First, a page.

15. What is your main objective as executive director of JPAC? To listen to what ideas the community has and to find ways to bring them to life.

16. Ever sung karaoke? My friends used to rent a karaoke room in Korea Town in L.A. Anything from a musical was usually a good way for me to jump into the fun. I prefer to do it with a partner than by myself.

17. Describe the underlying cultural differences between the Midwest and the West Coast. The West Coast is incredibly diverse. Almost every single country in the world is represented in Los Angeles. You get to see how different groups live, worship, eat and communicate with each other. Schools and public buildings would have days off for holidays that weren't just Christian holidays. I got to have so many experiences. I actually went to my first quinceanera and participated in a few events where English was not the primary language spoken.

18. Share something people would be surprised to find out about you. I still get nervous every time I go on stage. Some people don't realize that actors get nervous, too. I have always justified it by saying it's because I care so much. I always thought the minute I stop getting nervous is the minute I stop loving it.

19. When you were living in L.A., was there anything in particular about Janesville you missed, or vice versa? I missed a Janesville fall. I used to google images of “Autumn in Janesville” and make that my desktop picture. I missed my mentors and teachers from Janesville. I also missed clouds, which provide this awesome filter when you look at the sky. In L.A., there were times where I just saw too many clear blue skies. I know … how could that be possible? Now that I'm back, I would say I definitely miss the mountains and beaches. LA has an incredible terrain.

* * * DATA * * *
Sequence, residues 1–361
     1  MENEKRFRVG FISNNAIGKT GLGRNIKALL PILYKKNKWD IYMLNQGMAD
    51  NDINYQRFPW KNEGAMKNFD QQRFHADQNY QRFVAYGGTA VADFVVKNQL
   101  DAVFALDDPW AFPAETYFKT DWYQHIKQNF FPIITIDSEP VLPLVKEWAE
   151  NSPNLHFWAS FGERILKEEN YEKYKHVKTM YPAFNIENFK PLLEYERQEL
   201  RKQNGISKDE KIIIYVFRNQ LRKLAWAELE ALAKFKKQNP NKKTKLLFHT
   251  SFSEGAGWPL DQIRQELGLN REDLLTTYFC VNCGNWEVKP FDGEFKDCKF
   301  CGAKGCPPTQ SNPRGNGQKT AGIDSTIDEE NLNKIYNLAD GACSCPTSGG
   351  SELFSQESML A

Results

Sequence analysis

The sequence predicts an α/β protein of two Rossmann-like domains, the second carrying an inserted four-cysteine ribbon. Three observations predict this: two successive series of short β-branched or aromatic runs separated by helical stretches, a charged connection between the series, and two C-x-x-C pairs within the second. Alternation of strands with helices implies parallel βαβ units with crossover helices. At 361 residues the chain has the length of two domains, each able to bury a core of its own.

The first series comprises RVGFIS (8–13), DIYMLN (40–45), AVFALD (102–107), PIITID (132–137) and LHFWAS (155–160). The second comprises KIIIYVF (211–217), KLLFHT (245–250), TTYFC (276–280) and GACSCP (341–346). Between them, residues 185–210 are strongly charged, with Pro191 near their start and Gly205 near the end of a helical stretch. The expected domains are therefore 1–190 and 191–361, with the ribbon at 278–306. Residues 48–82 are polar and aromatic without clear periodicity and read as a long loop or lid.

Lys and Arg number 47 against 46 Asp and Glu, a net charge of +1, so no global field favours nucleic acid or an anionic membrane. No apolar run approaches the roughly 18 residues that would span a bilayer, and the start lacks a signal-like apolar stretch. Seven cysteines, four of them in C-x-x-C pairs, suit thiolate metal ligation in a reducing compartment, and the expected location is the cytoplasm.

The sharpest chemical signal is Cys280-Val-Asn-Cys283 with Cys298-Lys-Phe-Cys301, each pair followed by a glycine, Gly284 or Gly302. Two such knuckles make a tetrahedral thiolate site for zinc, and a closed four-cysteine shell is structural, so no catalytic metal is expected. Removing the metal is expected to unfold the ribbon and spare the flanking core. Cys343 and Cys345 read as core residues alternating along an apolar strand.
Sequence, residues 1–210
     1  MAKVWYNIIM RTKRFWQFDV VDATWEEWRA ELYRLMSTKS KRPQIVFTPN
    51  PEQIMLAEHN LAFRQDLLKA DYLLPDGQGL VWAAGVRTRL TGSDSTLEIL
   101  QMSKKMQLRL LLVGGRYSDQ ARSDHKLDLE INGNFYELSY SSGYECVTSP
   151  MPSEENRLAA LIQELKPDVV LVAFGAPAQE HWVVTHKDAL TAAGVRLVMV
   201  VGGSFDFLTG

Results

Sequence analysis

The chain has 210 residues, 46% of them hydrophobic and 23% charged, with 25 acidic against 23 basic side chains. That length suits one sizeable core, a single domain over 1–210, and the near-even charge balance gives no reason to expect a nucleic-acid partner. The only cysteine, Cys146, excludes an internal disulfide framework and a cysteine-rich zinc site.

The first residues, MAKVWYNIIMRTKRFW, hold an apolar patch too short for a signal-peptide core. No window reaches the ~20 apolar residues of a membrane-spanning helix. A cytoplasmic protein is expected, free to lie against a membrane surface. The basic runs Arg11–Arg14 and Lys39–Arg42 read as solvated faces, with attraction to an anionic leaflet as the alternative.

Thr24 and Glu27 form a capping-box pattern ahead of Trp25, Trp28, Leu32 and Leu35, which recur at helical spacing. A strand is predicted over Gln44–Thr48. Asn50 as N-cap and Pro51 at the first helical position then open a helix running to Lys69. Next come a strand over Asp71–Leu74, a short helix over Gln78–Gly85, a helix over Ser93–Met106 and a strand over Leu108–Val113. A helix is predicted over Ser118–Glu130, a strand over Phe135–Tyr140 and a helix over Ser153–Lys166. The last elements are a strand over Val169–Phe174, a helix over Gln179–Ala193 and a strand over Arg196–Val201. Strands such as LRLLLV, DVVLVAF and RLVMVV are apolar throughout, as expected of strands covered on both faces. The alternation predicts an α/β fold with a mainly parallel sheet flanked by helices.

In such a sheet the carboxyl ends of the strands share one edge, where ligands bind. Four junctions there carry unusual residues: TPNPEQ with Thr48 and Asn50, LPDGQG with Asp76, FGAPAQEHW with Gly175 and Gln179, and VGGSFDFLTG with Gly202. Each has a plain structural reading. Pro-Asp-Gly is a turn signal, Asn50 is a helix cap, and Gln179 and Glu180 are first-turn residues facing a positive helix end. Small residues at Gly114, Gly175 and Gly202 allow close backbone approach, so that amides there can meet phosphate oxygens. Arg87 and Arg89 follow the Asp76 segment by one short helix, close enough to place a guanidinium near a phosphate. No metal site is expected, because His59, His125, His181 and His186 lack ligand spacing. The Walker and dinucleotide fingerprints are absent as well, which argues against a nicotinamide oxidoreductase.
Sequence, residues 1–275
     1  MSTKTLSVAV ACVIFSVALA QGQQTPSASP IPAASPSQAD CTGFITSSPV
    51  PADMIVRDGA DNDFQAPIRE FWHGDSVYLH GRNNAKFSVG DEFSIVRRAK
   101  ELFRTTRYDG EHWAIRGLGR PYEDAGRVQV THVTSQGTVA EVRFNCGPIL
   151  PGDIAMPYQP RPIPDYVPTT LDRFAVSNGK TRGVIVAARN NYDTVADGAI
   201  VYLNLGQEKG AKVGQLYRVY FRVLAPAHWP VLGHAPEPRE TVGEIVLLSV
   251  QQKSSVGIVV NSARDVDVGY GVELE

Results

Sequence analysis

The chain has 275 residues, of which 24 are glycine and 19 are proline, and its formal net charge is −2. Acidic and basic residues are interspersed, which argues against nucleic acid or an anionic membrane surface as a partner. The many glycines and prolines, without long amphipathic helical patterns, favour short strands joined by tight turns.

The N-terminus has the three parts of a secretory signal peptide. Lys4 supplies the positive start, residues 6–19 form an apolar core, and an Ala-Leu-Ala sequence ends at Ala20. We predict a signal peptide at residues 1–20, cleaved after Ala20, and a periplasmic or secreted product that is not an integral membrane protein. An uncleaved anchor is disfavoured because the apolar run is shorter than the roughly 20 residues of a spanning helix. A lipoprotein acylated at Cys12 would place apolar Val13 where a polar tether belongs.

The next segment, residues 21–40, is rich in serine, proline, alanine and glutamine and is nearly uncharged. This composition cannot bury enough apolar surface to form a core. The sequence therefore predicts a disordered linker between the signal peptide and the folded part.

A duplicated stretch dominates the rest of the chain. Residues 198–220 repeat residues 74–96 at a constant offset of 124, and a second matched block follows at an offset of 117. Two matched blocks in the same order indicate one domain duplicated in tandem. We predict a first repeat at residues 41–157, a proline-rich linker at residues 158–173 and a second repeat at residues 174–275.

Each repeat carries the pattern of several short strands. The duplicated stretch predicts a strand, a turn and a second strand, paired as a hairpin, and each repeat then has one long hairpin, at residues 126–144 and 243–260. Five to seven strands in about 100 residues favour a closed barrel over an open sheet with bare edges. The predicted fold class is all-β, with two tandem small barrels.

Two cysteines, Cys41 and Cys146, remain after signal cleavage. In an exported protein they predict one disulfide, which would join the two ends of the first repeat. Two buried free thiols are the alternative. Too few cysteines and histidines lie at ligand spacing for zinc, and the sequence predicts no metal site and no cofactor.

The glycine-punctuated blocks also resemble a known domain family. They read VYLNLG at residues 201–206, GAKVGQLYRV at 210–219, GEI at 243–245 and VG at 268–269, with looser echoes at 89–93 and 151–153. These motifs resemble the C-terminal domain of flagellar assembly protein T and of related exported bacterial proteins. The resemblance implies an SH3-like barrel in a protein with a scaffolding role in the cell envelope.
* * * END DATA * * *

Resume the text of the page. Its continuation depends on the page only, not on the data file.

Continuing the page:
20. Were you looking for a reason to return to Janesville, or did this position just come along at the right time? I was looking to come home under the right circumstances. I always knew in my heart I'd be coming back to Wisconsin one day—I just didn't know when. When this position came up, it was something that I wanted. I cared so much about this building since (JPAC)  was being organized back in the early 2000s. I wanted to raise my family in Janesville, and I wanted my son to know his grandparents. Janesville is an incredible place.

Know someone involved in the local arts/entertainment community you think would be a great subject for 20Q? Email kicks Editor Greg Little at glittle@gazettextra.com.